Stroke

A stroke is a sudden interruption in the blood supply of the brain. Approximately 85% of strokes happen when the artery that supplies blood to the brain becomes blocked (ischemeic). About 13% of strokes happen when a blood vessel ruptures in or near the brain (hemorrhagic). A small percentage of strokes are transient ischemic attacks (TIAs), or mini-strokes. TIAs are different from ischemic strokes because blood flow to the brain is blocked for a short time only – usually no more than five minutes. In approximately 79 % of all stroke cases, a blood vessel that supplies the brain is blocked, e.g. by a blood clot. This results in an insufficient blood supply. Nearly 13 % of patients suffer exactly the opposite, namely bleeding in the brain, due to damaged vessels. In both cases, the supply of blood to certain regions of the brain is no longer sufficient due to a local circulatory disturbance.


Frequency

Every year, more than 795,000 people in the United States have a stroke, 610,000 of which are first-time cases. Stroke is a leading cause of long-term disability. More than half of stroke survivors age 65 and over have reduced mobility as a result. Stroke costs the United States an estimated $34 billion each year, including the cost of healthcare services, medications to treat stroke, and missed days of work.

Symptoms

The symptoms of stroke can vary widely between individuals. The severity of the symptoms also varies. They include:

  • Impaired vision
  • Restricted field of vision
  • Disruptions of depth perception, seeing double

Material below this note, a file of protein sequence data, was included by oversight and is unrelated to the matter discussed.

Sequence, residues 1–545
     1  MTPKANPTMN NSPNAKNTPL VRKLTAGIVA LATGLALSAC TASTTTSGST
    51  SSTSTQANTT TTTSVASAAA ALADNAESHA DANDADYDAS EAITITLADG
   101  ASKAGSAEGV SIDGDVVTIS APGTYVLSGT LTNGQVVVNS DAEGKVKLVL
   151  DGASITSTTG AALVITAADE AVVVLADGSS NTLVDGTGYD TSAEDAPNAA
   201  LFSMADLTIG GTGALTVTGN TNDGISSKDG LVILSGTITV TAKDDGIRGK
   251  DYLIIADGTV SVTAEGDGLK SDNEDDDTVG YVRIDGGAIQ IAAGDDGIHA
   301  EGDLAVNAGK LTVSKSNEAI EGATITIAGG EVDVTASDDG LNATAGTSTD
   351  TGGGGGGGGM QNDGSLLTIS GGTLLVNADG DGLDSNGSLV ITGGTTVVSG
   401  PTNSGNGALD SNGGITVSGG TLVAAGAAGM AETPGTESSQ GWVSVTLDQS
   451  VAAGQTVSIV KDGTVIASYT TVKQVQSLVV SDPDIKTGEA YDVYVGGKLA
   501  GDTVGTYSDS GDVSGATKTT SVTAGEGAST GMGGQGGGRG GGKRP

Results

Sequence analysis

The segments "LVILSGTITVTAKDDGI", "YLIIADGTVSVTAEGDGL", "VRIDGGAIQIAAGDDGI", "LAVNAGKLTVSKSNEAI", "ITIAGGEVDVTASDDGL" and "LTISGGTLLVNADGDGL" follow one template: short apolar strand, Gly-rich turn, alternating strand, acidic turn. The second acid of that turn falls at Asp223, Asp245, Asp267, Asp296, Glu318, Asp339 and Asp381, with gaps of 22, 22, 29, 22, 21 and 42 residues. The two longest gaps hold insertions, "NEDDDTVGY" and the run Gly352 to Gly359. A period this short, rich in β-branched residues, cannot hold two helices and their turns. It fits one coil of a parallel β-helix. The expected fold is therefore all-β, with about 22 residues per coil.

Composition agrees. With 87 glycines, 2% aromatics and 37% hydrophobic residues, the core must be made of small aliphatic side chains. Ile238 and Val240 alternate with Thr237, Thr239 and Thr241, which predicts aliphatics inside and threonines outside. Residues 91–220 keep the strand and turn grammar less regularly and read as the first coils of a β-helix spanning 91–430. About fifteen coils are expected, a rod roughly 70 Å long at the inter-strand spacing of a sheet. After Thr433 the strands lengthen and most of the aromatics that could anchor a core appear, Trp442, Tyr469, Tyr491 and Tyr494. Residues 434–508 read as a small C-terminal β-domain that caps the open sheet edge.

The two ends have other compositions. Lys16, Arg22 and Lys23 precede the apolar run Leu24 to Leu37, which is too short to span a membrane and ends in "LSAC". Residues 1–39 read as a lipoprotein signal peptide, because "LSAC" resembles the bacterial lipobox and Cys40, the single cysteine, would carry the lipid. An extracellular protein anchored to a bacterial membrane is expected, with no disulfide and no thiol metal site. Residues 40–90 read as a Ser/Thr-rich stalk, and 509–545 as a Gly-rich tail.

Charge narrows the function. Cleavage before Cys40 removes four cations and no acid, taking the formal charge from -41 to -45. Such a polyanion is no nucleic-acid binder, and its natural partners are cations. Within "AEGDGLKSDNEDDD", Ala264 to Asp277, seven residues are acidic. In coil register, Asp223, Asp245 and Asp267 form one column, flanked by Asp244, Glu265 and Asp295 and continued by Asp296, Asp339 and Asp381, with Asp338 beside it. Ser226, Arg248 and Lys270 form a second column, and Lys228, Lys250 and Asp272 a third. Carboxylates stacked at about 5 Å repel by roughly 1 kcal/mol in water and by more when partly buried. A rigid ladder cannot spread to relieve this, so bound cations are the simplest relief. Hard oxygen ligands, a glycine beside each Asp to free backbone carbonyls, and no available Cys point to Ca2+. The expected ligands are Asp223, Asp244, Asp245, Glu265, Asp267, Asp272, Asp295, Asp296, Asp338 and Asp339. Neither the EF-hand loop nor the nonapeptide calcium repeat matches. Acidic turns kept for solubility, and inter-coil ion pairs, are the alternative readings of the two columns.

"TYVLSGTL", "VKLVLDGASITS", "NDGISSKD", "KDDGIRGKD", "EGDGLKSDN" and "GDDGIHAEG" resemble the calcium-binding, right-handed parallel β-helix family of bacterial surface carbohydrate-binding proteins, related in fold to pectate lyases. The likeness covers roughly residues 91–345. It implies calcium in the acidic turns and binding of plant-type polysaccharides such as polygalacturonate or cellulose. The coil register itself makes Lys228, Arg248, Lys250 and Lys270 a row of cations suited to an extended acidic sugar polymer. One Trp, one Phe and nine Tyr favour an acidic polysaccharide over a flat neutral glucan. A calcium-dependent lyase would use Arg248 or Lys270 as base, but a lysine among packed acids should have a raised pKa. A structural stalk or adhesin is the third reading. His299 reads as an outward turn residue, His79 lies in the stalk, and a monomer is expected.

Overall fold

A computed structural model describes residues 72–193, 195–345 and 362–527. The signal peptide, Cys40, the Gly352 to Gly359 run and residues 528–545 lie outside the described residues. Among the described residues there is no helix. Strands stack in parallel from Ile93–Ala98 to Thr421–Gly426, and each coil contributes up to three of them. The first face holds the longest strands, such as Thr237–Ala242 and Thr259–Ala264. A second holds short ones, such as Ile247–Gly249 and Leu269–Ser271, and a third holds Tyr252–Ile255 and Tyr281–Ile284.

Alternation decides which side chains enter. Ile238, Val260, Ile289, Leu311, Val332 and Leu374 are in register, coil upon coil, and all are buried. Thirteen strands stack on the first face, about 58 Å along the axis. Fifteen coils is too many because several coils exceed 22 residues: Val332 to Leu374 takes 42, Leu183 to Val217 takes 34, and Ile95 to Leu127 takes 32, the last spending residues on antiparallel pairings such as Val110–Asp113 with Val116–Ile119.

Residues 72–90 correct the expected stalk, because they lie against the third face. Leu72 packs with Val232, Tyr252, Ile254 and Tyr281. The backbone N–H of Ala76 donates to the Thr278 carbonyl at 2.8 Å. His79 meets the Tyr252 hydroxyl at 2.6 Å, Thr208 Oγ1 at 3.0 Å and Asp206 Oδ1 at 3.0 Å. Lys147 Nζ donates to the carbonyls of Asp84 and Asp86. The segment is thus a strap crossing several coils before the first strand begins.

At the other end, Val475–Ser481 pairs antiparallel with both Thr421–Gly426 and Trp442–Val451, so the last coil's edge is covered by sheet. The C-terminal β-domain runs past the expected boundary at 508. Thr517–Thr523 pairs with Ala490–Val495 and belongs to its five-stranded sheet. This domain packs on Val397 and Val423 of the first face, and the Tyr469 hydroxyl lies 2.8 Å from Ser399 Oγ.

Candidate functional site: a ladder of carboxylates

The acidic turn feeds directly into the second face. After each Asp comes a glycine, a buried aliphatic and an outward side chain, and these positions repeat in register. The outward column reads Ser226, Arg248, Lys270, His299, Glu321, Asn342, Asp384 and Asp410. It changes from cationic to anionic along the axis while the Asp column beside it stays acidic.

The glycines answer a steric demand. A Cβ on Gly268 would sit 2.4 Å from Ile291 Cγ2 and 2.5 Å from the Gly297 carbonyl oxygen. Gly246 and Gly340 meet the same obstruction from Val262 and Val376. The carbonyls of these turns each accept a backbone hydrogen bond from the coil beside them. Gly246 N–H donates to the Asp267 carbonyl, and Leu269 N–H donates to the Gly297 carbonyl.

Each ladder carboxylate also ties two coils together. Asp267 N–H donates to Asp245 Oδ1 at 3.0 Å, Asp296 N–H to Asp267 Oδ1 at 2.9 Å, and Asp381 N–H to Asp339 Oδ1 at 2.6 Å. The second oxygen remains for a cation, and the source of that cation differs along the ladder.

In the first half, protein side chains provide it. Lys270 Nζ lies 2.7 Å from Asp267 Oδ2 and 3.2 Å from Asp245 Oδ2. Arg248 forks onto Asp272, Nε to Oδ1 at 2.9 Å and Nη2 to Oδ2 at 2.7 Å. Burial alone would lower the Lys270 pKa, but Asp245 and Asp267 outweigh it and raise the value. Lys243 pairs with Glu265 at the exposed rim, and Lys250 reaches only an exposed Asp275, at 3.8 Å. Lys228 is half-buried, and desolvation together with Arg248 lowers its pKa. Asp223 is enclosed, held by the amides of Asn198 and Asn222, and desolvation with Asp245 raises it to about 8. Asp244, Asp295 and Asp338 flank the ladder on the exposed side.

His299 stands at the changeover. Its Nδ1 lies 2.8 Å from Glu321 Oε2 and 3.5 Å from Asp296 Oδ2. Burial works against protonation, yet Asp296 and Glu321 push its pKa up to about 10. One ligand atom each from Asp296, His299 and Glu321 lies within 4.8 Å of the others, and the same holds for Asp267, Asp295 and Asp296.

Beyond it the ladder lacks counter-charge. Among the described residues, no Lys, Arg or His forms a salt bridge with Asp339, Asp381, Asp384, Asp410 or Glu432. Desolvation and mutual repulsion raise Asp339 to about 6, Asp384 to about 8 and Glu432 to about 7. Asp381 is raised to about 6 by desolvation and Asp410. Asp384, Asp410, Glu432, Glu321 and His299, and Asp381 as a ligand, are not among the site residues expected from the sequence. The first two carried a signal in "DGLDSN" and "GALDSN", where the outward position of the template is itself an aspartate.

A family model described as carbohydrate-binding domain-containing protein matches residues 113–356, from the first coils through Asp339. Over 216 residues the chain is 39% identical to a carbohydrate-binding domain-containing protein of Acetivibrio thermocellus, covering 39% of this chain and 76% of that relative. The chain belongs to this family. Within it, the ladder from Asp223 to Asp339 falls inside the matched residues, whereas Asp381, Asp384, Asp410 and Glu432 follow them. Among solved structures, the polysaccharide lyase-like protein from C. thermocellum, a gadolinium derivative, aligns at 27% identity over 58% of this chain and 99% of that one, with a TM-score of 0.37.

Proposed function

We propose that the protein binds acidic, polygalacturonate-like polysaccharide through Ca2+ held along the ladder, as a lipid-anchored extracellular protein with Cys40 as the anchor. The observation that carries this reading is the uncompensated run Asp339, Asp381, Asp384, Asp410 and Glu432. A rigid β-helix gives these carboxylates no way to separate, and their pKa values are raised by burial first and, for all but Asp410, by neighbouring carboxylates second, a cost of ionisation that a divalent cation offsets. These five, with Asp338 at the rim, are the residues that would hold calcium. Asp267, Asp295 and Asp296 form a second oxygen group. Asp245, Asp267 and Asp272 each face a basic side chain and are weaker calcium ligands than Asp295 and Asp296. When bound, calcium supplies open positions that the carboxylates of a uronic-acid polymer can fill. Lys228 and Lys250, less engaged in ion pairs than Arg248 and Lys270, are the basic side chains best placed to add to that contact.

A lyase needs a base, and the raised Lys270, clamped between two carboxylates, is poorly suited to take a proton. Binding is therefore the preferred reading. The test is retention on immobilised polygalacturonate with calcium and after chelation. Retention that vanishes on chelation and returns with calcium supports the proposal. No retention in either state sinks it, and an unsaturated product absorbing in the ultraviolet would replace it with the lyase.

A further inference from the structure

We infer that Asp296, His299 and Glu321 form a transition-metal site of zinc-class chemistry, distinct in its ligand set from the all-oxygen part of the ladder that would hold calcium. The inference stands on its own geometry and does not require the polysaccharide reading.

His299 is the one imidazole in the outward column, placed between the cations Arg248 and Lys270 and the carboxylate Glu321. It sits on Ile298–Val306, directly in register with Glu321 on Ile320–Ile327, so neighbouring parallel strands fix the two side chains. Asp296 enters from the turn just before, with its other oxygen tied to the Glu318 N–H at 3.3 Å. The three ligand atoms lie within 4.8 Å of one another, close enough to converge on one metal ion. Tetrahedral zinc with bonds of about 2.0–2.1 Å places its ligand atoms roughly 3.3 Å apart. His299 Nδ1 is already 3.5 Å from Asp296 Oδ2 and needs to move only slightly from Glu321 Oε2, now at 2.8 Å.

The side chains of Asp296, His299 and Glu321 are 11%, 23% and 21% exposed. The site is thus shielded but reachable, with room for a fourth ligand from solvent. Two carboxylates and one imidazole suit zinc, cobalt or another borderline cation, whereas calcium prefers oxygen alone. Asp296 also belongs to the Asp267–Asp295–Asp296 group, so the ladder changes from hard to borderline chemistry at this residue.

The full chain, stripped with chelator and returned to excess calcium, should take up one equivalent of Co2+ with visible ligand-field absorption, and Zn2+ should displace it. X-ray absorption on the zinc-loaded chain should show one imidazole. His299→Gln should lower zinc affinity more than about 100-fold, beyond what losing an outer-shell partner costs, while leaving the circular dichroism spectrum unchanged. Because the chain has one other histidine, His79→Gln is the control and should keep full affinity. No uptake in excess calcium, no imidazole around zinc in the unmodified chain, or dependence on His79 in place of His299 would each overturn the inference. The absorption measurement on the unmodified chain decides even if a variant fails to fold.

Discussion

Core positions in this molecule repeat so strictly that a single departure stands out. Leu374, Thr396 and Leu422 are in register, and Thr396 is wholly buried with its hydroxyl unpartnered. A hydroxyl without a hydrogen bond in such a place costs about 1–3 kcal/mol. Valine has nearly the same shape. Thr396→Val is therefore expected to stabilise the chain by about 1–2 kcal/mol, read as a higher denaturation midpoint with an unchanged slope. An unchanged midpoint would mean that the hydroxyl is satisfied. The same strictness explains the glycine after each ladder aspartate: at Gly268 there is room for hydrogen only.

• Speech and language comprehension disturbances
  • Paralysis, numbness
  • Disrupted touch sensation
  • Drooping corner of the mouth – such dysfunctions can also occur in the leg and arm (drop foot and wrist drop)
  • Shoulder pain
  • Unstable knee joint function while standing
  • Torso instability
  • Dizziness with uncertain gait
  • Spasticity of various forms and severity

Rehabilitation

Stroke rehabilitation is designed to help stroke survivors become as independent as possible and attain the best possible quality of life. While rehabilitation cannot reverse the brain damage that occurs as a result of the stroke, it can help survivors relearn skills when part of the brain is damaged.

Rehabilitative therapy typically begins in the acute-care hospital after the individual’s condition has been stabilized. Rehabilitation can include working with speech, physical, and occupational therapists. For some stroke survivors, rehabilitation to maintain and refine skills can continue for months and even years after the stroke.


The products below are designed to help improve mobility after a stroke. Whether a product is suitable for you and whether you are capable of exploiting its full functionality depends on many different factors. Your physical condition, fitness, and a detailed medical examination are all taken into consideration. Your doctor or orthotist will decide which product would be the most appropriate for you. We are happy to support you.


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